BLAST comparison of closely related Chlamydia genomes

In the BLAST comparisons presented here, each protein in the Chlamydia trachomatis proteome is used as a query against the entire Chlamydia pneumoniae proteome and vice versa to find similar proteins in the compared genome. For each protein, the best hit, or the most similar match, to a protein in the other proteome is recorded. "Best hit" depends on the E-value, a measure of the probability that the observed level of similarity between two compared proteins could be due to chance alone. Thus, an E-value approaching 0 means there is "zero probability" that the protein's goodness-of-match to another protein can be attributed to chance. Examples of matches with excellent and marginal E-values are here.

Unique genes

Unique genes have no significant similarity to genes in the compared genome, as determined by the E-value. If the E-value of the best hit is greater than 0.0001, the query protein is considered unique.  Comparisons depicting unique genes are significant because they reveal the genes that are likely to be responsible for the biology, virulence, and pathogenicity unique to the bacterium (Kalman et al., Nature Genetics 21:385-389, 1999). In addition, this analysis suggests how closely the two genomes are phylogenetically related; a low proportion of unique genes suggests a close phylogenetic relationship. In rare instances, however, homologs can produce blast E-values less than 0.0001.

We have tabulated the unique proteins in each of the two Chlamydia proteomes:

C.trachomatis vs C.trachomatis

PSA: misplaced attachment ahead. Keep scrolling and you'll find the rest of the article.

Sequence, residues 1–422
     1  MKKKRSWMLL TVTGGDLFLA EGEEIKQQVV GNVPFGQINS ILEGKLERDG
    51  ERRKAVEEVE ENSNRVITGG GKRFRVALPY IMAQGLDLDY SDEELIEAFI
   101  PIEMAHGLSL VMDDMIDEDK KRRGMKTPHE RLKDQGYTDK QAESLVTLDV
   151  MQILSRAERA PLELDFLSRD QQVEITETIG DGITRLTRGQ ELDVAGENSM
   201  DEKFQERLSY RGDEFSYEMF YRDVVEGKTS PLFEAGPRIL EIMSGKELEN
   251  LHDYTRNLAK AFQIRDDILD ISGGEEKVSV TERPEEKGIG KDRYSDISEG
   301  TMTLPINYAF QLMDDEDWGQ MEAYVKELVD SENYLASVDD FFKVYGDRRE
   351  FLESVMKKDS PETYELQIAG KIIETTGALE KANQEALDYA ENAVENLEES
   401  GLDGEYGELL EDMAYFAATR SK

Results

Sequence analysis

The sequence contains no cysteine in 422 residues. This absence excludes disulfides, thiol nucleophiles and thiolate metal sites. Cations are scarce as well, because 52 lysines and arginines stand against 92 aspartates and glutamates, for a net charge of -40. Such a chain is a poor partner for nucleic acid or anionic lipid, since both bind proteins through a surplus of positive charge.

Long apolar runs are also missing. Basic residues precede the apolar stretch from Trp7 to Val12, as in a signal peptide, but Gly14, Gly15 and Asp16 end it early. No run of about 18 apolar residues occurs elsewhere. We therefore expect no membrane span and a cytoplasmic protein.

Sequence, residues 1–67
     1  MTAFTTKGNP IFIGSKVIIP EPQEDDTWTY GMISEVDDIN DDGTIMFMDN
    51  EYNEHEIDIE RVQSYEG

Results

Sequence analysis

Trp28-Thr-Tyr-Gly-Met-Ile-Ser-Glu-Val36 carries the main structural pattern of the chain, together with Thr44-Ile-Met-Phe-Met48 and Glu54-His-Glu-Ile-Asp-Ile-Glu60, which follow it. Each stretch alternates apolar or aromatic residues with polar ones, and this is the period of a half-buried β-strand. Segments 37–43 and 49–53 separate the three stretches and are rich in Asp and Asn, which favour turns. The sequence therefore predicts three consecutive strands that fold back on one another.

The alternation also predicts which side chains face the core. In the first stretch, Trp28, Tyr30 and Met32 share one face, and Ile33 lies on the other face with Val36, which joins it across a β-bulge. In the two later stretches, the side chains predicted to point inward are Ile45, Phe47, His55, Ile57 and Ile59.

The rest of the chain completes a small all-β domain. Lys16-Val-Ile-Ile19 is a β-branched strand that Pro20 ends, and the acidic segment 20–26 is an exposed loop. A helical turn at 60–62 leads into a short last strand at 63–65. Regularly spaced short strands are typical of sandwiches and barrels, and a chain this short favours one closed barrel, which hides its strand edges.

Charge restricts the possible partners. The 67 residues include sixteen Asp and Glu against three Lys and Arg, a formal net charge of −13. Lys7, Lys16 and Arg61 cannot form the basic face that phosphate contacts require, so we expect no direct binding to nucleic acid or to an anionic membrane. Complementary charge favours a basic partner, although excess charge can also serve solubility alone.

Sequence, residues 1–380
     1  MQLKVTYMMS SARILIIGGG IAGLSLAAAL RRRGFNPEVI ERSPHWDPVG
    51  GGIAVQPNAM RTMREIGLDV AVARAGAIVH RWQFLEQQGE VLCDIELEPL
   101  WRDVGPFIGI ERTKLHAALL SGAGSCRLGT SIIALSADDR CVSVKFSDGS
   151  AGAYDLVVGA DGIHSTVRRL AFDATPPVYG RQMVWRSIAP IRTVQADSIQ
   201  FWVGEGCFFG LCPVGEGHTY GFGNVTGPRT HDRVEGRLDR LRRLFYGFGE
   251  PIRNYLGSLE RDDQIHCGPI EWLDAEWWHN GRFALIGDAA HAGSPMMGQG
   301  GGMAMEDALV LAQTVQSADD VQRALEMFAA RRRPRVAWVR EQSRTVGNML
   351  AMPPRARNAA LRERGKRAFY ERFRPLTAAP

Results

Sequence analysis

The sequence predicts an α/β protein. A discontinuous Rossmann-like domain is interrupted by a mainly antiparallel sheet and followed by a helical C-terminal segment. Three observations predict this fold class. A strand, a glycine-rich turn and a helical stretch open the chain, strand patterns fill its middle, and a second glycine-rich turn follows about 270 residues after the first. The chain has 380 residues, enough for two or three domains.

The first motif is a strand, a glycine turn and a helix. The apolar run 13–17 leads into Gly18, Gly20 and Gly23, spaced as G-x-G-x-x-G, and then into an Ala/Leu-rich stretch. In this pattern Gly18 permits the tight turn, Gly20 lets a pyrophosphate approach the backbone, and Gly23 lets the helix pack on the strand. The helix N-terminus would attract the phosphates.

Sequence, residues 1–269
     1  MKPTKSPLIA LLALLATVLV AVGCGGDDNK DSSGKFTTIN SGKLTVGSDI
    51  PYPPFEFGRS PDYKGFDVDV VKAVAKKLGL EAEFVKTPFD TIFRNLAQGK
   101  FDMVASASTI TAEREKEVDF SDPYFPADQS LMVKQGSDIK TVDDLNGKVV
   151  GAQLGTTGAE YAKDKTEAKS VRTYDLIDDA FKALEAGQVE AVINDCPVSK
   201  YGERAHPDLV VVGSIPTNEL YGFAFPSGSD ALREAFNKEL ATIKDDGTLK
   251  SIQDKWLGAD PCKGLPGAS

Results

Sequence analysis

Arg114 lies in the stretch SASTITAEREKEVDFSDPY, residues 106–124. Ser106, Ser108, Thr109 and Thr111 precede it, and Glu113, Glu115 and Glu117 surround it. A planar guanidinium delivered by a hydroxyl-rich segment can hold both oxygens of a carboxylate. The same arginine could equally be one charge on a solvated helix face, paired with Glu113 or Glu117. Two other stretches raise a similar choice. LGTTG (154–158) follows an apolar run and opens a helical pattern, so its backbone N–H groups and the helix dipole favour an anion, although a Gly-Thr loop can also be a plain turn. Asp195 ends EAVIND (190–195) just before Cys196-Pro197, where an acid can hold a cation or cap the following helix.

C.pneumoniae vs C.pneumoniae

C.trachomatis vs C.pneumoniae

C.pneumoniae vs C.trachomatis

The unique genes among C.trachomatis serovar D and C.pneumoniae CWL029 are also depicted in a Map of Chlamydia unique proteins.

Orthologous genes

W-H Li in his book Molecular Evolution (Sinauer Associates, Inc. Sunderland, Massachusetts) gives a succinct definition of orthologous and paralogous genes: "Two genes are said to be paralogous if they are derived from a duplication event, but orthologous if they are derived from a speciation event." Further details here.

Determining orthology is also significant in assessing the relationship between two genomes. Revealing which orthologous regions are conserved throughout evolution suggests the significance of those regions to the survival of the bacterium (Siefert et al., J Mol Evol 45:467-472, 1997). This type of analysis helps to resolve what sort of changes have occurred in one genome relative to the other throughout evolution, and also suggests the phylogenetic relationship between the bacteria. For example, a high proportion of orthologs suggests a close phylogenetic relationship (Watanabe et al., J Mol Evol 44(Suppl 1):S57-S64, 1996).

We have tabulated the common proteins in both of the two Chlamydia proteomes:

C.trachomatis vs C.trachomatis

C.pneumoniae vs C.pneumoniae

C.trachomatis vs C.pneumoniae

View a map of orthologous proteins in the C. pneumoniae CWL029 and C. trachomatis serovar D proteomes.

Distributon of unique and orthologous (common) genes based on the COG functional categories

Map of highly conserved regions

There are several regions of bacterial genomes which are highly conserved. Comparisons of orthologous tRNA, rRNA, and the S10 region serve as anchors for the relative positions of genes in the genomes (Siefert et al., J Mol Evol 45:467-472, 1997). Plotting these regions helps to resolve what events may have occurred to give rise to the current positioning of orthologs in one genome relative to the other.

Link to tRNA, rRNA, and S10 map